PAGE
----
Republican set for Senate's top environment post says US-China climate deal is a 'charade'
Senator James Inhofe of Oklahoma (CSIS/Flickr)

The Republican poised to take over the Senate’s top environment job attacked the carbon emissions deal struck between US and China on Wednesday as a “non-binding charade” and said he will use his new powers to fight against regulation of the energy sector.


Jim Inhofe, who is set to become chairman of the Senate environment and public works committee, warned that China could not be trusted to see through its side of the deal and said he would do everything in his own power to undermine a White House plan to cut carbon pollution from power plants.

The incoming Senate majority leader, Republican Mitch McConnell, struck a similar tone, describing the agreement as an example of Barack Obama’s “ideological war on coal”.

“This unrealistic plan, that the president would dump on his successor, would ensure higher utility rates and far fewer jobs,” McConnell said. “It’s time for more listening, and less job-destroying red tape.”

John Boehner, the Republican speaker of the House, said the “job-crushing” deal was “the latest example of the president’s crusade against affordable, reliable energy”.

The US-China pledge, negotiated behind the scenes and unveiled between Obama and his Chinese counterpart Xi Jinping in Beijing earlier on Wednesday, has committed China to capping emissions for the first time and the US committing to deep reductions by 2025.

It has been welcomed by climate change campaigners across the world as an important step ahead of efforts to reach a global deal on reducing emissions beyond 2020 at a United Nations meeting in Paris next year.

The deal challenges Republicans in Washington because it undercuts one of their principal arguments against restriction on greenhouse gas emissions: that unilateral action by the US handicaps economic competition China, which is a the world’s biggest emitter of greenhouse gases and refuses to play by the same rules.

China, which previously had only ever pledged to reduce the rapid rate of growth in its emission, has now agreed to cap its output by 2030. It has also promised to increase its use of energy from zero-emission sources to 20% by 2030.

The US has pledged to cut its emissions to 26-28% below 2005 levels by 2025. The European Union had already endorsed a binding 40% greenhouse gas emissions reduction target by 2030 .

Inhofe said the deal was lopsided in China’s favour and indicated the country’s leader could not be trusted to see through its pledge.

“In the president’s climate change deal, the United States will be required to more steeply reduce our carbon emissions while China won’t have to reduce anything,” he said. “It’s hollow and not believable for China to claim it will shift 20% of its energy to non-fossil fuels by 2030, and a promise to peak its carbon emissions only allows the world’s largest economy to buy time.”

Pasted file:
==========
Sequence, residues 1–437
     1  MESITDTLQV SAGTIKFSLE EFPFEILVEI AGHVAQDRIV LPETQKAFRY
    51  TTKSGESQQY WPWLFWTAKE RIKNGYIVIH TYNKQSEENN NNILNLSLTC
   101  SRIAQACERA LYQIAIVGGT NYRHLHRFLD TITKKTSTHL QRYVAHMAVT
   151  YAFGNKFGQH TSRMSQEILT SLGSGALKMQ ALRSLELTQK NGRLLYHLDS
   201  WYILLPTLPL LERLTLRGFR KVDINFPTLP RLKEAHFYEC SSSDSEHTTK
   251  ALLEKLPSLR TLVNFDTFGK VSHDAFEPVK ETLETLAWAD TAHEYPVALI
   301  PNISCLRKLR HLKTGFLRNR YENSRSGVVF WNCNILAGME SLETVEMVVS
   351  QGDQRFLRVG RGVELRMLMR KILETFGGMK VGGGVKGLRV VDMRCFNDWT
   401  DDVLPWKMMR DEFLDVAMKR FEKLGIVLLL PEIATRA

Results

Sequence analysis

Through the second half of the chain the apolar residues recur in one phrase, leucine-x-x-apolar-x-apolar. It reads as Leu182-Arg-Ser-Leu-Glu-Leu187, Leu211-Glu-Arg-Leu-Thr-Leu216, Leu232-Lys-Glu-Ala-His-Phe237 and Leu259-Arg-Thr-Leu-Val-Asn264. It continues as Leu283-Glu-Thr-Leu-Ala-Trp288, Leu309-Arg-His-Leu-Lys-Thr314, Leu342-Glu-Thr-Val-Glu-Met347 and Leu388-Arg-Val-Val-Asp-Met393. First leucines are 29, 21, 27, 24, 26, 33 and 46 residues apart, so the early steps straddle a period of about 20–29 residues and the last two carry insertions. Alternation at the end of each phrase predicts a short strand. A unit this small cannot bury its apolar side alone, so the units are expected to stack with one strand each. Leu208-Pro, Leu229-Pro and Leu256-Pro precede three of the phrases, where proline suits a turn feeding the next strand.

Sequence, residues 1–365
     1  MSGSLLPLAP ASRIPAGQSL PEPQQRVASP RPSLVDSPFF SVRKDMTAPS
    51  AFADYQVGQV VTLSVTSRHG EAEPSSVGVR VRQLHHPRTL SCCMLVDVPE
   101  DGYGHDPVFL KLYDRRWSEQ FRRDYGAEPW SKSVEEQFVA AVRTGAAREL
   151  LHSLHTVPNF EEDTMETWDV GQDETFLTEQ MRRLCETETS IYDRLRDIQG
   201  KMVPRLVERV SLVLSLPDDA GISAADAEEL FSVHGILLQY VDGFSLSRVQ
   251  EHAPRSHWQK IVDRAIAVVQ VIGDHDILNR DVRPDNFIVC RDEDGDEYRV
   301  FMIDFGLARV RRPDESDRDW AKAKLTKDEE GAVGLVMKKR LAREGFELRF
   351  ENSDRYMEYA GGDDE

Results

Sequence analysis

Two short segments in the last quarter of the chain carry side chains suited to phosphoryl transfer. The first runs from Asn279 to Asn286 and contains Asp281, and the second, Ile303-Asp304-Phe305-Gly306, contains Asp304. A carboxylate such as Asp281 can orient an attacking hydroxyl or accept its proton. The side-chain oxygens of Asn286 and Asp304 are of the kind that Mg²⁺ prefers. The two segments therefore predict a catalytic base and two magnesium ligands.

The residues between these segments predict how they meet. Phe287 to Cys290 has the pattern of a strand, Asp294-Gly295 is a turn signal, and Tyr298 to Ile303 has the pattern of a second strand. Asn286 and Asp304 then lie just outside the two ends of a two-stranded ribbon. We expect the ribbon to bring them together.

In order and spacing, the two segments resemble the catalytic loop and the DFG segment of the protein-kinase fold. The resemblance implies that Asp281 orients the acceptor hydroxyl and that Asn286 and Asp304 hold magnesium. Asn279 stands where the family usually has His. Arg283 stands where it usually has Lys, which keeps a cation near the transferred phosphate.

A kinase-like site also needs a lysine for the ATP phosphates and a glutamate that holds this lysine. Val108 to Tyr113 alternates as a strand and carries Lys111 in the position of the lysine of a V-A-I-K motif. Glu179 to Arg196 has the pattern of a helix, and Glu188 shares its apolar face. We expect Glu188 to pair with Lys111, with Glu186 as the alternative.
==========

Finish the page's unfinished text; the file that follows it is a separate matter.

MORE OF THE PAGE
Inhofe and McConnell both said that last week’s midterm elections, in which Republicans swept to victories across the country and regained control of the Senate, indicated voters had rejected Obama’s historic decision in June to cut carbon pollution from power plants by 30% from 2005 levels by 2030.

The new rules, to be implemented by the Environmental Protection Agency (EPA), represented the first time that any US president has moved to regulate carbon pollution from power plants – the largest single source of carbon dioxide emissions that cause climate change – and laid the ground for this week’s deal with China.

“The American people spoke against the president’s climate policies in this last election,” Inhofe said. “They want affordable energy and more economic opportunity, both which are being diminished by overbearing EPA mandates.”

In a reference to his widely-expected chairmanship - which climate scientists fear Inhofe will use to promote his discredited belief that global warming is is a “hoax” - the senator added: “As we enter a new Congress, I will do everything in my power to rein in and shed light on the EPA’s unchecked regulations.”

Describing the US-China agreement as “job-destroying red tape”, McConnell said: “Easing the burden already created by EPA regulations will continue to be a priority for me in the new Congress.”

Boehner added: “Republicans have consistently passed legislation to rein in the EPA and stop these harmful policies from taking effect, and we will continue to make this a priority in the new Congress.”

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